40. Wayne G. Hammond and Christina Scull (eds), The Lord of the Rings: A Reader's Companion, p. 746
  41. J.R.R. Tolkien; Humphrey Carpenter, Christopher Tolkien (eds.), The Letters of J.R.R. Tolkien, Letter 131, (undated, written late 1951)
Route of the Fellowship of the Ring
Aragorn, Gimli and Legolas
Rivendell · Eregion · Caradhras · Moria · Lothlórien · Caras Galadhon · Anduin · Parth Galen · Amon Hen · Eastemnet · Fangorn Forest · Rohan · Edoras · Hornburg · Isengard · Dunharrow · Paths of the Dead · Gondor · Hill of Erech · Lamedon · Linhir · Lebennin · Pelargir · Minas Tirith · Osgiliath · Cross-roads · Ithilien · Dagorlad · Black Gate · Field of Cormallen · Cair Andros · Gondor · Minas Tirith · Anórien · Rohan · Edoras · Isengard
Boromir
Rivendell · Eregion · Caradhras · Moria · Lothlórien · Caras Galadhon · Anduin · Parth Galen · Amon Hen
Frodo and Sam
Rivendell · Eregion · Caradhras · Moria · Lothlórien · Caras Galadhon · Anduin · Parth Galen · Amon Hen · Emyn Muil · Dead Marshes · Black Gate · Ithilien · Henneth Annûn · Cross-roads · Morgul Vale · Stairs of Cirith Ungol · Cirith Ungol · Shelob's Lair · Tower of Cirith Ungol · Mordor · Morgai · Plateau of Gorgoroth · Mount Doom · Field of Cormallen · Cair Andros · Gondor · Minas Tirith · Anórien · Rohan · Edoras · Isengard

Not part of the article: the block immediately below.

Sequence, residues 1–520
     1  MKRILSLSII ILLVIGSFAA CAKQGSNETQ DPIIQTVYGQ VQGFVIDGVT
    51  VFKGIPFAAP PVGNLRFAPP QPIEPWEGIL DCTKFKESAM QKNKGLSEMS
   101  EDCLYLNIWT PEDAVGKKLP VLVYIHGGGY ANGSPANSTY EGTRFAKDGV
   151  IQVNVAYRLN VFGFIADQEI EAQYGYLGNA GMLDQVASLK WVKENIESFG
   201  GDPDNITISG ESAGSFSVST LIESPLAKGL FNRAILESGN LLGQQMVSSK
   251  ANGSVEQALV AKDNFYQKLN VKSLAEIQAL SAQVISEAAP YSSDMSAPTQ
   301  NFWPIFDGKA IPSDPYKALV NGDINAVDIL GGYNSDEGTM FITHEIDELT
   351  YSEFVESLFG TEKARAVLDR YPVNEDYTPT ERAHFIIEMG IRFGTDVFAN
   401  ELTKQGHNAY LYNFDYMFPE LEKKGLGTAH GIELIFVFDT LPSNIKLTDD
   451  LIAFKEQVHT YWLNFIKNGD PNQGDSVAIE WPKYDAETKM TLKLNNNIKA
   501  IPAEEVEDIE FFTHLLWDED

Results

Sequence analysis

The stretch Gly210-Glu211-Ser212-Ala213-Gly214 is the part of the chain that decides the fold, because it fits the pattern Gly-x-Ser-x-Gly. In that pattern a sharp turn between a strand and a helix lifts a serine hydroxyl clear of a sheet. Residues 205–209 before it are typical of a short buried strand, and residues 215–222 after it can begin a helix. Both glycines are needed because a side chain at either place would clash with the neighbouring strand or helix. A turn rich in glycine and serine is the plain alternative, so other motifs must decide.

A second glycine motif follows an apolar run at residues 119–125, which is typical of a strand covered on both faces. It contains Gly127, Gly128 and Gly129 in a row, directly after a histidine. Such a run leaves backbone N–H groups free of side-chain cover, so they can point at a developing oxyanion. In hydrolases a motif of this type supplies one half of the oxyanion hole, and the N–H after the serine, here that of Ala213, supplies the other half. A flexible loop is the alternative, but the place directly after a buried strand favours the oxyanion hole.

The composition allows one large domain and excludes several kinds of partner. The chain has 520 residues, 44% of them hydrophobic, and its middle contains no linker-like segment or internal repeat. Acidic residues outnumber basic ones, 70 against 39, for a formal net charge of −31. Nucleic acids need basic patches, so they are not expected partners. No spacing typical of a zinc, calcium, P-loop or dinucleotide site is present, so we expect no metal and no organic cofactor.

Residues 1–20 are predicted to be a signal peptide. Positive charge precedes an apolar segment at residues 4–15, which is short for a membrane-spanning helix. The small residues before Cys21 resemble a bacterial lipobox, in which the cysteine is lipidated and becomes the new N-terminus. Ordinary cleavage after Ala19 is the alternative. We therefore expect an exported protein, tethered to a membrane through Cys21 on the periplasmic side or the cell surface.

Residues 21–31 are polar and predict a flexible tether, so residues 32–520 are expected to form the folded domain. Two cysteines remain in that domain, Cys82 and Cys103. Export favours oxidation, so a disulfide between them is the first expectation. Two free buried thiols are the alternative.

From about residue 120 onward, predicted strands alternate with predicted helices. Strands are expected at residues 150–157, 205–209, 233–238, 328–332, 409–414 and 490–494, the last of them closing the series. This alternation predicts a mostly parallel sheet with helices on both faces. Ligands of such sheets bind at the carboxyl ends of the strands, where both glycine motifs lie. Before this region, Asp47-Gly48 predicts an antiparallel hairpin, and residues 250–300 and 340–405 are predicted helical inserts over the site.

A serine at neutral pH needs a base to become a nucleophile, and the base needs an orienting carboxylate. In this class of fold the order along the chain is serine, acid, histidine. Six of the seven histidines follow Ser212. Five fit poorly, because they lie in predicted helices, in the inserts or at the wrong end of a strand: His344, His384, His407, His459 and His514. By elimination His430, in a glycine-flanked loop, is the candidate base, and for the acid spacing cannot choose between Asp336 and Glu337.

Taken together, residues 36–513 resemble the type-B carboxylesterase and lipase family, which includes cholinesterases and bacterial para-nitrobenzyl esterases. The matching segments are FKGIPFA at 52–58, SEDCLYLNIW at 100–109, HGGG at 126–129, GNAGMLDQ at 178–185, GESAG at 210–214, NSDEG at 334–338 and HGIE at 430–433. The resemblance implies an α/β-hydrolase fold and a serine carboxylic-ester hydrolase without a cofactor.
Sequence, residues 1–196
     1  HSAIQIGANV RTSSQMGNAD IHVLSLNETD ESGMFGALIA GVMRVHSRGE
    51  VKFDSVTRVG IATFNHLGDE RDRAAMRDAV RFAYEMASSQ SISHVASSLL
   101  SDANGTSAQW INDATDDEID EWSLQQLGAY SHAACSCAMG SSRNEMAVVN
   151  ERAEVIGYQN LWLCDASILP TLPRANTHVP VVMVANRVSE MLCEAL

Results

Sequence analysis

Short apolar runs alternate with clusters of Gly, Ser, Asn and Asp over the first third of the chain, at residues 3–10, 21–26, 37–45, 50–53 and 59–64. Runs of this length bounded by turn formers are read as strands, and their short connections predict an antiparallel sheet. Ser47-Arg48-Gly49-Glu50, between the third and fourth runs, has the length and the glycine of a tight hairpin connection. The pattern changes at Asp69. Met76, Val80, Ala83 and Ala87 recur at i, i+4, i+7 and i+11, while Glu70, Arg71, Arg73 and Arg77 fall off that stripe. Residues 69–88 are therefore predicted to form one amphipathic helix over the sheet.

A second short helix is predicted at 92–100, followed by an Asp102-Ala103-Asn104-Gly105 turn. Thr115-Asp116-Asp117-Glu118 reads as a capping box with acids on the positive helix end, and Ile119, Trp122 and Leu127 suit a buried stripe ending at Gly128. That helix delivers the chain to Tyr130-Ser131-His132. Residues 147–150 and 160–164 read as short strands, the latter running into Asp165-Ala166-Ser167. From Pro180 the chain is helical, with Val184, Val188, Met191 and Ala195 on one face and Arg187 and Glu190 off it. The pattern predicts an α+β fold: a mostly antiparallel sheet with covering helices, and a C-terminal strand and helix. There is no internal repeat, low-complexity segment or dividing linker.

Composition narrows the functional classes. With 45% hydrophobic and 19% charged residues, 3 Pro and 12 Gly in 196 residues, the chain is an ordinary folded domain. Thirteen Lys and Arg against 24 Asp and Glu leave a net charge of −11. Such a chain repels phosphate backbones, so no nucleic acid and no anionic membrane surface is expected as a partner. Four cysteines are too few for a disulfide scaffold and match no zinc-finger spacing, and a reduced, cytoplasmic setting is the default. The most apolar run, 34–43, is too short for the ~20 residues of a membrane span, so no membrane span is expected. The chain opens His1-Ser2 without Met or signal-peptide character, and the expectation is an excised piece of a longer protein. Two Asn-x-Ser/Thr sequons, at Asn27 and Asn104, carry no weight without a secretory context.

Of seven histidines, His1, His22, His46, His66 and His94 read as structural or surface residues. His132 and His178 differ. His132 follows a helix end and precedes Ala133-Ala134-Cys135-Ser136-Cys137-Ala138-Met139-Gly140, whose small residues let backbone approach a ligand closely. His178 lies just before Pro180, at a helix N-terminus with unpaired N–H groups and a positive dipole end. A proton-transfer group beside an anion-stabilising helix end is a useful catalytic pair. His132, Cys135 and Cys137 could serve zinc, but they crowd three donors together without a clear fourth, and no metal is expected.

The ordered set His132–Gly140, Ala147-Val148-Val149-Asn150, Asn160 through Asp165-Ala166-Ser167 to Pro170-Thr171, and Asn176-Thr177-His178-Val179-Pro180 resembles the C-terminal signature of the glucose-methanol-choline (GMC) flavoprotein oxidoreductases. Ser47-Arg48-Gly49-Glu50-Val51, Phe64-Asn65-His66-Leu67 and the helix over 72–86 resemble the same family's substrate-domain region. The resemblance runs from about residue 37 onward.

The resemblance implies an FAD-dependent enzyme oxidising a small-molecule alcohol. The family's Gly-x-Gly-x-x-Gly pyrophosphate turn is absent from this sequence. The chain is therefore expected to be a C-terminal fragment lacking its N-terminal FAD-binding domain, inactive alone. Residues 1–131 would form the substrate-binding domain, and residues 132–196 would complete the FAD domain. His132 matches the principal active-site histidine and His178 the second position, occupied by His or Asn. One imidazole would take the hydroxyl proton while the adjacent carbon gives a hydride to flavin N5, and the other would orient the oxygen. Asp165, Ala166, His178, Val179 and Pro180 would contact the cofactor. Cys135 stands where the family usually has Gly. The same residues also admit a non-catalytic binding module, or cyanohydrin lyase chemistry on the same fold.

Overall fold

Gandalf
Rivendell · Eregion · Caradhras · Moria · Celebdil† · Lothlórien · Fangorn Forest · Edoras · Hornburg · Isengard · Rohan · Anórien · Gondor · Minas Tirith · Osgiliath · Cross-roads · Ithilien · Dagorlad · Black Gate · Field of Cormallen · Cair Andros · Gondor · Minas Tirith · Anórien · Rohan · Edoras · Isengard
Merry
Rivendell · Eregion · Caradhras · Moria · Lothlórien · Caras Galadhon · Anduin · Parth Galen · Amon Hen · Emyn Muil · Eastemnet · Fangorn Forest · Wellinghall · Derndingle · Isengard · Hornburg · Dunharrow · Drúadan Forest · Gondor · Minas Tirith · Anórien · Rohan · Edoras · Isengard
Pippin
Rivendell · Eregion · Caradhras · Moria · Lothlórien · Caras Galadhon · Anduin · Amon Hen · Parth Galen · Emyn Muil · Eastemnet · Fangorn Forest · Wellinghall · Derndingle · Isengard · Rohan · Anórien · Gondor · Minas Tirith · Osgiliath · Cross-roads · Ithilien · Dagorlad · Black Gate · Field of Cormallen · Gondor · Cair Andros · Minas Tirith · Anórien · Rohan · Edoras · Isengard